In keeping with these objects and others which will become apparent hereafter, one feature of the present invention resides in an arrangement for determining the magnitudes of selected physical quantities at a multitude of spaced locations. This arrangement includes an elongated optical fiber having a waveguiding core and including a multitude of separate longitudinally spaced Bragg sensing gratings of substantially identical initial periodicity for all of the sensing gratings, each of the sensing gratings being situated at a different one of the locations. Longitudinal stresses are applied to the optical fiber in such a manner that their magnitude at each of the locations is dependent on the extent of deviation of the magnitude of the respective physical quantity being monitored at that particular location from its initial value, with attendant change in the periodicity. The arrangement of the present invention further includes means for launching light pulses into the core for propagation longitudinally thereof and for return from any of the sensing gratings of a detectable light echo at a central wavelength determined by instantaneous value of the periodicity of the respective sensing grating when the wavelength of the light reaching the respective sensing grating at least momentarily coincides with the central wavelength thereof, and means for so controlling the wavelength at which the launching means issues light as to coincide, at different times of a detection cycle, with at least all of the central wavelengths at which the sensing gratings return the echoes within the range of longitudinal stresses expected to be applied to the gratings by the applying means. Conducting means conducts the light echoes to a detecting location spaced from the optical fiber, and detecting means detects the light echoes as they arrive at the detecting location and issues a series of detection signals in response thereto. Last but not least, the arrangement of the present invention includes means for allocating the detection signals to the respective sensing gratings on the basis of time intervals elapsed between the issuance of the respective light pulses and the arrival of the echoes responsive thereto at the detecting means, and to the respective longitudinal stresses applied by the applying means to the respective sensing gratings on the basis of the respective wavelengths of the light pulses in response to which the respective gratings return the echoes. The arrangement of this type is especially suited for detecting structural stresses encountered at spaced locations of a structure, in which case the optical fiber is embedded in or otherwise attached to the structure to be monitored so that the longitudinal stresses applied to the respective sensing gratings result from the transmission of the structural stresses existing at the respective locations of the structure to the optical fiber portions situated at such locations and including the sensing gratings.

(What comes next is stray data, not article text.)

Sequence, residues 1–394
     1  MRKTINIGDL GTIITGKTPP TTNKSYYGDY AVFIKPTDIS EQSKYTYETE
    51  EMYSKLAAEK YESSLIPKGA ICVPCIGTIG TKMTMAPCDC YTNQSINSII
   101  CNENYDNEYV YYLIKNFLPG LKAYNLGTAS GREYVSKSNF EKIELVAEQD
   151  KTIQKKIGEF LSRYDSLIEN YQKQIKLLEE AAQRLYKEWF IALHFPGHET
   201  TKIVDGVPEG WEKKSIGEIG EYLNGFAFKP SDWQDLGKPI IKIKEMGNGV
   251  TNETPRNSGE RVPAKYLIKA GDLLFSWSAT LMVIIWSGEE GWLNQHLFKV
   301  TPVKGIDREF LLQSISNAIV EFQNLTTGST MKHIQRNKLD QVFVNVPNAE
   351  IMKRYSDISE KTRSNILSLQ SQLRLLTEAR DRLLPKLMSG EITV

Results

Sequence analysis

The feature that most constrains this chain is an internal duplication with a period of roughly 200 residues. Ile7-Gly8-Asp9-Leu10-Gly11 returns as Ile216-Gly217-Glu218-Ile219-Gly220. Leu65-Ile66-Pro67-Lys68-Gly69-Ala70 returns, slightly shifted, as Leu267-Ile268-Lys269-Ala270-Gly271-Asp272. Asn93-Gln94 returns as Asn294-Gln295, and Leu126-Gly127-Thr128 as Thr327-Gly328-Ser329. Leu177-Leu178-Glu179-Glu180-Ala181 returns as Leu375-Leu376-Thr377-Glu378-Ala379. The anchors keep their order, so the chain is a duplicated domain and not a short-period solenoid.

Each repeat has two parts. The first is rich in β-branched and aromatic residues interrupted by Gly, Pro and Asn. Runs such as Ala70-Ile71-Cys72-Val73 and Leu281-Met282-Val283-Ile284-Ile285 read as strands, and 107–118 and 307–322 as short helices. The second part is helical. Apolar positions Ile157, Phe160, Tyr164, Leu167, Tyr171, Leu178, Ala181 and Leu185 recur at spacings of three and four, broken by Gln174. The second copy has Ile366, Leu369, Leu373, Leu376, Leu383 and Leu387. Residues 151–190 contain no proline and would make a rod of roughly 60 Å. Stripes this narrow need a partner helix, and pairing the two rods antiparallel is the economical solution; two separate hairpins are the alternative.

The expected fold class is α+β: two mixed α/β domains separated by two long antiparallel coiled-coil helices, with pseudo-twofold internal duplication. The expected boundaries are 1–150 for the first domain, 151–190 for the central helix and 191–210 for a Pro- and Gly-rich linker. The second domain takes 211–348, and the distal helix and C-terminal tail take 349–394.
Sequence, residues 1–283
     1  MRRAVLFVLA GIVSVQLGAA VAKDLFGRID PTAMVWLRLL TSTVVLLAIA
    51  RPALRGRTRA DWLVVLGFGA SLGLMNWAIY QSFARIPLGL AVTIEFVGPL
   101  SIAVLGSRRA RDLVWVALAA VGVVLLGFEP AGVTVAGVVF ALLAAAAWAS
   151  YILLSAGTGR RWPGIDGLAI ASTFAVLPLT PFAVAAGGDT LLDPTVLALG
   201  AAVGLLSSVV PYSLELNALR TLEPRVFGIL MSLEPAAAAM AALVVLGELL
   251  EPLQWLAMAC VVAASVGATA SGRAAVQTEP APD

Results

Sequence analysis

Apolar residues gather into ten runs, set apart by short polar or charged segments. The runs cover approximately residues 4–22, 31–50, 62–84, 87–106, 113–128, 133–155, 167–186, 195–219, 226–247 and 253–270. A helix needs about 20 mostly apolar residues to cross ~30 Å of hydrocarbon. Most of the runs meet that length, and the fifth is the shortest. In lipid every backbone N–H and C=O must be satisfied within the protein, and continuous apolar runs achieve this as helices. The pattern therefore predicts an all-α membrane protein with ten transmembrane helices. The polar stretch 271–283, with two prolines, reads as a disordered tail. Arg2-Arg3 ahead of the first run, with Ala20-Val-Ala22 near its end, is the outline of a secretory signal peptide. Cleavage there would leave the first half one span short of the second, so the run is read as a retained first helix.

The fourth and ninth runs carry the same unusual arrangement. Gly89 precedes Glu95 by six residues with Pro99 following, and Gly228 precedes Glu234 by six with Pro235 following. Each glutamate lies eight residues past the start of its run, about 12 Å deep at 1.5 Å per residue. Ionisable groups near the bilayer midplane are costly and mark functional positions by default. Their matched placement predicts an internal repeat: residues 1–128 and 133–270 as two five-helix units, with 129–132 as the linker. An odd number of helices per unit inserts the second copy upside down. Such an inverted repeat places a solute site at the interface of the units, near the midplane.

BRIEF DESCRIPTION OF THE DRAWING